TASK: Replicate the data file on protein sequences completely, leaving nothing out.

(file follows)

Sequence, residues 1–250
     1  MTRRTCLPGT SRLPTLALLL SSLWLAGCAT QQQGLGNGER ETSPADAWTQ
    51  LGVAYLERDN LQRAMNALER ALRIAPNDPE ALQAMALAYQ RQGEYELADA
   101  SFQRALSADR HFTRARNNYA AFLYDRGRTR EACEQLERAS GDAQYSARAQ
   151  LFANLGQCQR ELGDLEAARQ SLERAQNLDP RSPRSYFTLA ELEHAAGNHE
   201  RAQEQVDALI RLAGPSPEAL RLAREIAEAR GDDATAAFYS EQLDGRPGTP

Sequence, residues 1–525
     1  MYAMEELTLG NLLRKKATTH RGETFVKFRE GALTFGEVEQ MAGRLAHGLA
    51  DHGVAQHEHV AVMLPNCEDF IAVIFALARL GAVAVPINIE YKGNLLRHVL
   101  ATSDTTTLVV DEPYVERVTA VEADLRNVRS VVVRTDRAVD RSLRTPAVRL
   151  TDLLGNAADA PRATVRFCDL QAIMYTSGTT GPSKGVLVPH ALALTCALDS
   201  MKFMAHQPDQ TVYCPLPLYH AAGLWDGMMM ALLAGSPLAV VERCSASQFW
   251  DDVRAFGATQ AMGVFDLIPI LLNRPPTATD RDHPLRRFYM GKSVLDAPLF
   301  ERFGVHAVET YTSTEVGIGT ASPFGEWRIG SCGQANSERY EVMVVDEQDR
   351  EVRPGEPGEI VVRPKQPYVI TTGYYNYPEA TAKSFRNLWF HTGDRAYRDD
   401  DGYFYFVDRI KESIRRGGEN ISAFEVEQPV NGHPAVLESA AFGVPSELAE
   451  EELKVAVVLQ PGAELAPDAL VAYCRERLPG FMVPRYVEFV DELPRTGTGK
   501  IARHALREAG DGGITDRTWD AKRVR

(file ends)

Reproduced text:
Sequence, residues 1–250
     1  MTRRTCLPGT SRLPTLALLL SSLWLAGCAT QQQGLGNGER ETSPADAWTQ
    51  LGVAYLERDN LQRAMNALER ALRIAPNDPE ALQAMALAYQ RQGEYELADA
   101  SFQRALSADR HFTRARNNYA AFLYDRGRTR EACEQLERAS GDAQYSARAQ
   151  LFANLGQCQR ELGDLEAARQ SLERAQNLDP RSPRSYFTLA ELEHAAGNHE
   201  RAQEQVDALI RLAGPSPEAL RLAREIAEAR GDDATAAFYS EQLDGRPGTP

Sequence, residues 1–525
     1  MYAMEELTLG NLLRKKATTH RGETFVKFRE GALTFGEVEQ MAGRLAHGLA
    51  DHGVAQHEHV AVMLPNCEDF IAVIFALARL GAVAVPINIE YKGNLLRHVL
   101  ATSDTTTLVV DEPYVERVTA VEADLRNVRS VVVRTDRAVD RSLRTPAVRL
   151  TDLLGNAADA PRATVRFCDL QAIMYTSGTT GPSKGVLVPH ALALTCALDS
   201  MKFMAHQPDQ TVYCPLPLYH AAGLWDGMMM ALLAGSPLAV VERCSASQFW
   251  DDVRAFGATQ AMGVFDLIPI LLNRPPTATD RDHPLRRFYM GKSVLDAPLF
   301  ERFGVHAVET YTSTEVGIGT ASPFGEWRIG SCGQANSERY EVMVVDEQDR
   351  EVRPGEPGEI VVRPKQPYVI TTGYYNYPEA TAKSFRNLWF HTGDRAYRDD
   401  DGYFYFVDRI KESIRRGGEN ISAFEVEQPV NGHPAVLESA AFGVPSELAE
   451  EELKVAVVLQ PGAELAPDAL VAYCRERLPG FMVPRYVEFV DELPRTGTGK
   501  IARHALREAG DGGITDRTWD AKRVR